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Opposition Blames Government for New Delhi Rioting That Killed 52

FILE - Police detain an activist of the youth wing of India's main opposition Congress party during a protest demanding the resignation of Home Minister Amit Shah, in New Delhi, March 2, 2020. The protests followed clashes in the city in late February.

India's powerful lower house of Parliament on Wednesday debated the worst Hindu-Muslim violence in decades in the Indian capital, with an angry opposition demanding a judicial probe and the resignation of the home minister for the police's failure to prevent the deaths of more than 50 people.

Opposition Congress party lawmakers walked out after Home Minister Amit Shah praised the police for ending the February 24-25 rioting in northeastern areas of the capital within 36 hours and preventing it from spreading across New Delhi.

The violence coincided with a state visit by U.S. President Donald Trump. Armed mobs of Muslims and Hindus threw rocks, exchanged gunfire and burned hundreds of vehicles, homes and businesses.

Shah blamed inflammatory speeches by the Congress party and some Muslim leaders for triggering the rioting. He said 52 people were killed on February 24-25 and 526 were injured. He declined to say how many were Hindus or Muslims.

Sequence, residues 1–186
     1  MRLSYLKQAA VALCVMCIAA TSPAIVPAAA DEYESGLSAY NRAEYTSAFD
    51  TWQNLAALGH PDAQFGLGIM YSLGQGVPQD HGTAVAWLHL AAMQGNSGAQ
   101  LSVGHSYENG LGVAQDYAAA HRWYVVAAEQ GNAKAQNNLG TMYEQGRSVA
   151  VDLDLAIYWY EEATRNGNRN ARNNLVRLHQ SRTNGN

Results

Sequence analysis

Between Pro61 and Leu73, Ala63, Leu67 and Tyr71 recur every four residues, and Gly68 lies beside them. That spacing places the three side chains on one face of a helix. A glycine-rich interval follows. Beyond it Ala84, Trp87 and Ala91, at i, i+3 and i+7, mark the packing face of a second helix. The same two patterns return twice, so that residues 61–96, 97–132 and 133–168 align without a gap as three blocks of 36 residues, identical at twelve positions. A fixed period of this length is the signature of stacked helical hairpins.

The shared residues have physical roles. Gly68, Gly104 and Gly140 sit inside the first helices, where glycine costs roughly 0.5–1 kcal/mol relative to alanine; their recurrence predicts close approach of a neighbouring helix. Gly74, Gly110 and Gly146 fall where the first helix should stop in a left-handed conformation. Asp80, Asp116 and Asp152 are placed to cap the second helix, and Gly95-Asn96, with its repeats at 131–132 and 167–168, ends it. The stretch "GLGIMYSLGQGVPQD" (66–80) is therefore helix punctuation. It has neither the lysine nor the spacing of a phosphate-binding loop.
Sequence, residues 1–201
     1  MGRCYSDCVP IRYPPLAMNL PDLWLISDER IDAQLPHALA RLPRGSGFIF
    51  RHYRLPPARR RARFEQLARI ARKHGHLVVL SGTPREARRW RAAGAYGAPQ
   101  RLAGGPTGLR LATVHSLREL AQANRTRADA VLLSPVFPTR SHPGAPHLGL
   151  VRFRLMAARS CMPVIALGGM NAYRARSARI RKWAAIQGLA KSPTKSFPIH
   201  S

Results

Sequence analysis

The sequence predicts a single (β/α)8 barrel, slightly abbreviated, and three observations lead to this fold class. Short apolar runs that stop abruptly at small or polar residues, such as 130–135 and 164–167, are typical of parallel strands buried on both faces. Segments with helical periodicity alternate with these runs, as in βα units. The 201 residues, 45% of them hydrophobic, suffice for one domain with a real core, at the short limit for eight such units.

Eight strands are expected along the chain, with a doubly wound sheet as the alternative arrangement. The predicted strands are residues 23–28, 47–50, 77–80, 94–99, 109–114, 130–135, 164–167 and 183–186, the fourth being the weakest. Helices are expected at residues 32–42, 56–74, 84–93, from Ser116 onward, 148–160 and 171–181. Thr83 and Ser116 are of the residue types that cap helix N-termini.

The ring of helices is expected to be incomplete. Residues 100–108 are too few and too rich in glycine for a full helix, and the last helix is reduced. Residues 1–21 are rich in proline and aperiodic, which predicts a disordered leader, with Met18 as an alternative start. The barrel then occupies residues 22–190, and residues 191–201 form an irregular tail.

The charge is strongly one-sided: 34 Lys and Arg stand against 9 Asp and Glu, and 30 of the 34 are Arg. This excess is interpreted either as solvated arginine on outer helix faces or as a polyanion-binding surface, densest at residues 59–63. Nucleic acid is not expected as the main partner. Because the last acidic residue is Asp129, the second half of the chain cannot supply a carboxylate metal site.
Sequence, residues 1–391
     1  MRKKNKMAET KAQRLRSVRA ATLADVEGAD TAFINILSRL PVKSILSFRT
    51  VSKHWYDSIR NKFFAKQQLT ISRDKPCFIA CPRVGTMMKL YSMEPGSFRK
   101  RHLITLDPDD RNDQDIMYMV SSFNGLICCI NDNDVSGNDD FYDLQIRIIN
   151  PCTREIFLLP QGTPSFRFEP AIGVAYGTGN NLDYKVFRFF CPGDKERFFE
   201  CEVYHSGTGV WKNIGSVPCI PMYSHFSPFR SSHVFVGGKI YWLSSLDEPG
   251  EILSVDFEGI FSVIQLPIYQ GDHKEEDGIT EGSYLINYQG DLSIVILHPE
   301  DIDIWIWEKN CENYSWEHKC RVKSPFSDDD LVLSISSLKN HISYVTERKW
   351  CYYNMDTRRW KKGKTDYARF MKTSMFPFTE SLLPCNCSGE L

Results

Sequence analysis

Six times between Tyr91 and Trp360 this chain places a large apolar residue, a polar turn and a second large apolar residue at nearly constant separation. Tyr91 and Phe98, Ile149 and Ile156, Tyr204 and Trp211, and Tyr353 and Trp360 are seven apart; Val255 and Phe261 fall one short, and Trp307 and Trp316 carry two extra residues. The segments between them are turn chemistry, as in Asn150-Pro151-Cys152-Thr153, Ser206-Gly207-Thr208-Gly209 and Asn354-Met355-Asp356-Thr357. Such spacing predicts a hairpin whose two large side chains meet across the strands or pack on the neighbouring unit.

FILE - Indian Home Minister Amit Shah greets reporters upon his arrival at the home ministry in New Delhi, June 1, 2019.
FILE - Indian Home Minister Amit Shah greets reporters upon his arrival at the home ministry in New Delhi, June 1, 2019.

Shah said 300 people came from neighboring Uttar Pradesh state to join the rioting. More than 2,600 people have been arrested or detained and an investigation is underway, he said.

He didn't say who allegedly brought the 300 people to New Delhi.

Asauddin Owaisi, chief of the opposition All India Majlis-e-Ittehadul Muslimeen party, accused Hindu nationalists of spreading hatred of minority Muslims.

Citizenship law

The clashes followed an opposition protest against a new citizenship law that fast-tracks naturalization for foreign-born religious minorities of all major faiths in South Asia except Islam.

Adhir Ranjan Chaudhary, a Congress party leader, accused the police of ignoring hundreds of distress calls from people who were under attack and failing to protect them.

``In light of the scale of violence and consequent loss of lives and property, we strongly demand the resignation of the home minister,'' he said.

He also demanded a judicial probe into the failure of the police to protect people and the prosecution of some governing Bharatiya Janata Party leaders for provocative speeches against the Muslim community.

Meenakshi Lekhi, an BJP lawmaker, accused the Popular Front of India, a militant Islamic organization, and elements of the Islamic State group of organizing the violence during Trump's visit to disgrace Hindu nationalist Prime Minister Narendra Modi's government.